Doing this was a huge change for me, because even though I never really carried large credit card balances in the past, I didn’t mind making Month to Month payments on my cards. That was a tremendous waste of money and rendered any and all points that I had accumulated over the years, which weren’t many to begin with, essentially worthless. So this is the step that separates the men from the boys and the women from the girls. Are you ready to truly get a handle on your finances and any potential impulse buying? You should be, and financial freedom should be your motivator.

Once you’ve brought your credit card balances down to zero, you will, as stated earlier, continue to pay interest for a few months (usually 2 or 3). This is normal and has something to do with your billing cycle and grace period. Keep monitoring your credit card balances and pay off any interest as soon as you notice it.

Next, perform a credit check. You should already be checking your credit report annually at www.annualcreditreport.com (this is the only official website to do so) but there are many other free, albeit unofficial tools to check your credit score as well. My personal favorite is Credit Karma. Credit Karma shows your TransUnion and Equifax score for free, along with factors influencing your score and suggestions for improving your score. It may not be your official FICO score, but it’s a good indication of where you stand.

Step 4. Evaluate your situation and determine your goals

This is where you’ll have to sit down and look at your 12 Month plan. Do you plan on making any major purchases, such as a house, car, or boat? Or maybe you’re thinking about refinancing or getting a business/personal loan. If the answer is “yes” to any of these, I’d suggest holding off on applying for any credit cards at this time. There are many factors influencing your credit score and recent credit inquiries is one of them. With any type of loan application, you’ll want your credit score to be as high as possible. Wait at least 3  Months after paying off your credit cards to apply for any loans in order to get ideal interest rates. Then wait 6 Months or more before you apply for any new credit card.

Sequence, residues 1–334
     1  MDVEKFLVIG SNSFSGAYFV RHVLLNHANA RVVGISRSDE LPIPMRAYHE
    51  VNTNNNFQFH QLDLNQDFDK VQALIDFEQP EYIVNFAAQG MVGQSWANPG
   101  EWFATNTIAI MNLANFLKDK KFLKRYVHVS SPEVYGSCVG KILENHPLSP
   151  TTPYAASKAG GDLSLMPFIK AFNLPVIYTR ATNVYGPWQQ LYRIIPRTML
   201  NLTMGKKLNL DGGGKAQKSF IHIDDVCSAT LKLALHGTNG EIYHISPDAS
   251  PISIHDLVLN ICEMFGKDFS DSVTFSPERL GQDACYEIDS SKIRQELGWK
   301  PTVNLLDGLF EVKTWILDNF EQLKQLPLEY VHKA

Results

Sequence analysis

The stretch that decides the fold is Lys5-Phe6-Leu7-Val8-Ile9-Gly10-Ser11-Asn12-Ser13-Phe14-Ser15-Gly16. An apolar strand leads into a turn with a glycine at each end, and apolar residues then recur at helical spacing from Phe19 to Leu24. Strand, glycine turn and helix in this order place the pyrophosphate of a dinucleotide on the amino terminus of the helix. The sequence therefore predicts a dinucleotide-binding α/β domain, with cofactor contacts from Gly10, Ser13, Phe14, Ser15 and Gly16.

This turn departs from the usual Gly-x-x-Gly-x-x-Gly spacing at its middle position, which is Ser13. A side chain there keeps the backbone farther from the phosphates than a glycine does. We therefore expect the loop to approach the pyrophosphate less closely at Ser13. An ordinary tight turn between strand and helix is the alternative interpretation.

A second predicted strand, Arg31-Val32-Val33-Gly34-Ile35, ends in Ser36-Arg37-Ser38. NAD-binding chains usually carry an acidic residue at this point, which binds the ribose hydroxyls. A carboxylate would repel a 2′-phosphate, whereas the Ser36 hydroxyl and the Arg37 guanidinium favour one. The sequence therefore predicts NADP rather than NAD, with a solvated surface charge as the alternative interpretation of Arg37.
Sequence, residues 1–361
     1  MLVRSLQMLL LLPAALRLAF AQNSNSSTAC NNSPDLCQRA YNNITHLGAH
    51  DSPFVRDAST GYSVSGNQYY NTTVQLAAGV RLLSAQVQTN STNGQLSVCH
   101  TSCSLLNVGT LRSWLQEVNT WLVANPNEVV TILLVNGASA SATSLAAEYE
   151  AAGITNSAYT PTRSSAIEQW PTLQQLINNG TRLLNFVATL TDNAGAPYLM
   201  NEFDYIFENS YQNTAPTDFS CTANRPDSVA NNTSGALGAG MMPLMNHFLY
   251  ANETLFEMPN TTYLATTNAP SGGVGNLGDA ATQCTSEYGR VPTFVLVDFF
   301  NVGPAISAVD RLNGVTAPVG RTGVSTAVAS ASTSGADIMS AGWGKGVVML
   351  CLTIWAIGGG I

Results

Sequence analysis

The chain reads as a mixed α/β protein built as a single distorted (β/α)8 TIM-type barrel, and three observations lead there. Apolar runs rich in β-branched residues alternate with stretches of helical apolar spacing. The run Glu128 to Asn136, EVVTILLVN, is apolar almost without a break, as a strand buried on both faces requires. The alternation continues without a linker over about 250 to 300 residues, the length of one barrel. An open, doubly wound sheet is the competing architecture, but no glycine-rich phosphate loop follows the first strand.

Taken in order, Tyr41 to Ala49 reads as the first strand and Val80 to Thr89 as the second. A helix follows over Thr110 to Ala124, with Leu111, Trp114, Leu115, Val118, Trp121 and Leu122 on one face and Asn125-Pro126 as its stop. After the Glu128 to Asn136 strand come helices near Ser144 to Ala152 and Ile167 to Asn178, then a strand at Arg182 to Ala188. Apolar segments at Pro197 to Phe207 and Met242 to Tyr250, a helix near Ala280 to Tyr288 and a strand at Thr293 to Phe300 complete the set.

Once that’s settled, determine what credit card benefits you’re looking for. Do you travel frequently and are interested in miles and/or points? Or would you prefer essentially a “25th paycheck” each year and get a cash back? I will focus primarily on points and miles, as those may be less straightforward, but much more lucrative if you learn how to maximize the points for you. If you’ve decided you’re more interested in points, your next step is to determine what type of points you want to invest in. There are 3 major credit card points systems: Ultimate Rewards by Chase, Membership Rewards by American Express and ThankYou Rewards by Citibank. There are more, but I recommend using at least one of these as your foundation for collecting points. I also suggest diversifying your points because each system has its unique perks and transfer partners.

Step 5. Determine your spending habits

You need to know what your spending habits are in order to pick the right cards for your purpose. Maybe you fly and stay at hotels a lot? Do you drive a lot and spend a ton on gas? Do you eat out more or buy groceries and cook at home? Probably a combination of those things, and you need to determine what your priorities are.

Building a budget helps tremendously with this step and is generally a great tool to have. I’ve built mine in under 3 hours and it helped me shave off unnecessary spending that I was oblivious to before. There are countless budget building tools and spreadsheets for this purpose online. All you have to do is to find one that suits your situation and needs. It’s actually kind of fun, and definitely eye opening. I keep a working budget and record all of my daily spending and income.

Step 6. Do your research and apply

Research your options. Look at each program’s transfer partner and see how you can benefit from them. Keep in mind that just because your airline of interest isn’t an actual transfer partner, doesn’t mean you cannot use your points to fly with that airline. As stated earlier, it’s all about the big 3 airline alliances. You can, for example, book an award flight with British Airways for an American Airlines flight, as they are both part of OneWorld. Another option is to book a flight, vacation package, cruise or rental car through the reward program’s travel portal with points, cash, or a combination of both.

I will update this site regularly with interesting reading material, travel experiences (and how I used my points) and product reviews. Make sure to stop by frequently, leave comments, sign up for e-mail updates, and join us on social media. Please feel free to also contact me with any questions you may have. This is only the beginning but there will be so much more to come. Thank you for reading my blog and remember that reading is the key to knowledge.